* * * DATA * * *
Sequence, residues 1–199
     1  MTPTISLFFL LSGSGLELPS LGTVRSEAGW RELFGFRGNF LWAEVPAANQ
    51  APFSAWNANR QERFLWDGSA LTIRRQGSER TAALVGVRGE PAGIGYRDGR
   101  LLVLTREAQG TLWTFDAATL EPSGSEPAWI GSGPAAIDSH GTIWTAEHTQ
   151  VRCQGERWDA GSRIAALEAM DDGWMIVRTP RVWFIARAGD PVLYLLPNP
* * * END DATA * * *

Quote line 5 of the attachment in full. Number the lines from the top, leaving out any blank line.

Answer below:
   151  VRCQGERWDA GSRIAALEAM DDGWMIVRTP RVWFIARAGD PVLYLLPNP